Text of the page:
Vladimir Putin’s announcement on Thursday extended an export ban first introduced last month until late December 2011, sending wheat and other cereals prices to a near two-year high. It came as the UN’s Food and Agriculture Organisation called an emergency meeting to discuss the wheat shortage.
In Maputo, trade and industry minister Antonio Fernandes told a national radio station on Friday that the riots had caused 122m meticais ($3.3m) of damage. Police opened fire on demonstrators after thousands turned out to protest against the price hikes, burning tyres and looting food warehouses.
Although agricultural officials and traders insist that wheat and other crop supplies are more abundant than in 2007-08, officials fear the food riots could spread.
Wheat prices remained high on Friday morning. Futures in Chicago were up 1.5 per cent at $6.91 a bushel, while European wheat futures remained at historically high levels above €230 a tonne, just shy of last month’s two-year high of €236. Wheat prices have surged nearly 70 per cent since January, and analysts forecast further rises after Russia’s decision and concerns about weather damage to Australia’s crop.
The crop problems in Russia, which suffered its worst drought on record this summer, and elsewhere, have heaped pressure on US farmers to supply the world’s wheat. The US Department of Agriculture has increased its estimates for US wheat exports to $8bn for the current crop year.
The 2007-08 food shortages, the most severe in 30 years, set off riots in countries from Bangladesh to Mexico, and helped to trigger the collapse of governments in Haiti and Madagascar.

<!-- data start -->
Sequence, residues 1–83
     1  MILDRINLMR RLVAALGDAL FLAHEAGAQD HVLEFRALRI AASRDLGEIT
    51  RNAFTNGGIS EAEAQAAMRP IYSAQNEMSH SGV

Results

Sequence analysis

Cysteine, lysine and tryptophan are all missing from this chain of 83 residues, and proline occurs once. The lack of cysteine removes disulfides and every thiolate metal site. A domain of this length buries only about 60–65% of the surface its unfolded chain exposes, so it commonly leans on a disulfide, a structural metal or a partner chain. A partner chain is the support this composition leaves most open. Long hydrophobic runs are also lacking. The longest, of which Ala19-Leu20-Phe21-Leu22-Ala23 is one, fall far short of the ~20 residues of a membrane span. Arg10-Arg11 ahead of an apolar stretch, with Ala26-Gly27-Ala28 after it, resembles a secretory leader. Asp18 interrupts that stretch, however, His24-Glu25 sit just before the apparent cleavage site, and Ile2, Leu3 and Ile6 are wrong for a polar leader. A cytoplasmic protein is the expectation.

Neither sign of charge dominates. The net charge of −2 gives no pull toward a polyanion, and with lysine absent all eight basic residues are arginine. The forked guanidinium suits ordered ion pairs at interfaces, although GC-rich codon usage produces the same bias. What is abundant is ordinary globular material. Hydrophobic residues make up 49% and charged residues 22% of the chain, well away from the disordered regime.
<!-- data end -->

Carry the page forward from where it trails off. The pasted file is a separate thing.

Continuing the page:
The FAO said that “the concern about a possible repeat of the 2007-08 food crisis” had resulted in “an enormous number” of inquiries from member countries. “The purpose of holding this meeting is for exporting and importing countries to engage.”
Russia is traditionally the world’s fourth-largest wheat exporter, and the export ban has already forced importers in the Middle East and North Africa, the biggest buyers, to seek supplies in Europe and the US.
Mr Putin said Moscow could “only consider lifting the export ban after next year’s crop has been harvested and we have clarity on the grain balances”. He added that the decision to extend the ban was intended to “end unnecessary anxiety and to ensure a stable and predict-able business environment for market participants”.
“This is quite serious,” said Abdolreza Abbassian, of the FAO in Rome. “Two years in a row without Russian exports creates quite a disturbance.” Dan Manternach, chief wheat economist at Doane Agricultural Services in St Louis, added: “This is a wake-up call for importing nations about the reliability of Russia.”
Jakkie Cilliers, director of South Africa’s Institute of Security Studies, said there was concern over a repeat of the protests of 2008: “That certainly strengthened a return of the military in politics in Africa.”